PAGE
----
The Catherine Alice Gardens permanent supportive housing development got a late-night boost from the Palatine Plan Commission, which — after more than five hours of debate and testimony — supported the property's required rezoning.
The commission voted 7 to 1 to recommend preliminary approval of the proposed development at 345 N. Eric Drive. The village council now will consider the issue at its meeting on Monday, July 8.
If the council approves the preliminary proposal — another big hurdle for the project given the amount of opposition from neighboring residents and businesses — the partnership behind Catherine Alice Gardens has one year to submit final site, engineering and architectural plans.
Attorney Mark Raymond, representing UP Development, said he anticipates the developers will go back before the plan commission and village council for final approval in March 2014. They hope to close on the property, demolish the vacant warehouse and start construction in June 2014.
Barring delays, the three-story, 33-unit affordable apartment building for people with mental and physical disabilities could be occupied by September 2015.
Plan Commissioner Jane Robins cast the lone dissenting vote, saying she doesn't believe the apartment building is the best use for the property. She urged the village to wait and see whether another interested buyer comes forward because the market is beginning to rebound and it's a “very viable” industrial area.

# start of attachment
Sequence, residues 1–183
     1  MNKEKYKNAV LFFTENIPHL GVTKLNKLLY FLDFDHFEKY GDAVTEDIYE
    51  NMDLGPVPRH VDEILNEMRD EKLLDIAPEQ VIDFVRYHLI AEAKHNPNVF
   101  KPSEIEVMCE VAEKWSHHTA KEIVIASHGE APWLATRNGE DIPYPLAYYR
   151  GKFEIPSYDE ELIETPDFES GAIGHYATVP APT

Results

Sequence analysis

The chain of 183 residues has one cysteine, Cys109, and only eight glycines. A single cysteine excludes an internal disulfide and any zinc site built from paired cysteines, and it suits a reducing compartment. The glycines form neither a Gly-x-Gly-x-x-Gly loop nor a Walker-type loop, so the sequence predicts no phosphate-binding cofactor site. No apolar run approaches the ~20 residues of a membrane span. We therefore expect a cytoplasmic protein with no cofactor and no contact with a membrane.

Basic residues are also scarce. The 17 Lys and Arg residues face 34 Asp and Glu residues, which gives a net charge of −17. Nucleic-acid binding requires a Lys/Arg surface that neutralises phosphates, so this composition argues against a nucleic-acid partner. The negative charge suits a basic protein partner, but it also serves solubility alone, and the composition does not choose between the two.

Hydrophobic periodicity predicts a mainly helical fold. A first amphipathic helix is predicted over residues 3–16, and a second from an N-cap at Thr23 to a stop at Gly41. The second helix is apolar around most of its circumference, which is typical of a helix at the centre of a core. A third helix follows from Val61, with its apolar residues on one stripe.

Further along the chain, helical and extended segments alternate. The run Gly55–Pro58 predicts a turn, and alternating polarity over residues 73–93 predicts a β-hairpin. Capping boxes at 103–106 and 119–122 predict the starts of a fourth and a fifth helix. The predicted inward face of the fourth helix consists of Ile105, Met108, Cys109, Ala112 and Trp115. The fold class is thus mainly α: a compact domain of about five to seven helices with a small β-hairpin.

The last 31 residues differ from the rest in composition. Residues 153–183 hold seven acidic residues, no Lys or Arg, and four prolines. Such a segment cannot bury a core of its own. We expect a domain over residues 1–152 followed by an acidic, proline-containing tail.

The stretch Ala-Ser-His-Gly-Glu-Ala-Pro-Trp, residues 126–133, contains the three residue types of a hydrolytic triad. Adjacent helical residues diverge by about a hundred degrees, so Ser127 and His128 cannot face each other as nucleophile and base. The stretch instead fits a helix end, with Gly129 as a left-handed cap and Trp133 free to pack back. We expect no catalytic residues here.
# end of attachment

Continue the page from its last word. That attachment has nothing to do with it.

“My heart breaks for all these stories we heard, but we can't squeeze a round circle into a square peg,” Robins said. “If we don't have the right spot, we don't have the right spot.”
Property owner Mel Boldt said he has aggressively marketed the 1.65-acre property, even offering to sell it for the amount he paid in 1985. But the building is too small and the ceiling too low for most industrial uses, he said.
Project manager Jessica Berzac of UP Development, which has a 74 percent stake in the $10.5 million project, said the developers analyzed 15 potential sites in Palatine but found none of the others to be feasible.
A property located in a floodplain, for instance, is ineligible for federal funding, Berzac said. And advocates say it's critical that the tenants, who go through a rigorous screening process and are able to live independently with the help of supportive services, need access to amenities and public transportation to be successful.
The Kenneth Young Center has the remaining 26 percent stake in Catherine Alice Gardens. The North/Northwest Suburban Task Force on Supportive Housing for People with Mental Illness and the Alexian Brothers Center for Mental Health also are involved.
Even if the Palatine facility is built, experts say there will still be a severe shortage of permanent supportive housing in the area. But inroads are being made.
Myers Place, a 39-unit complex that opened earlier this month in Mount Prospect, became the first such development in the Northwest suburbs. And a recent legal settlement clears the way for Philhaven, a 50-unit facility to be built in Wheeling. The village board there originally rejected the proposal and the developer sued, claiming discrimination.Copyright © 2014 Paddock Publications, Inc. All rights reserved.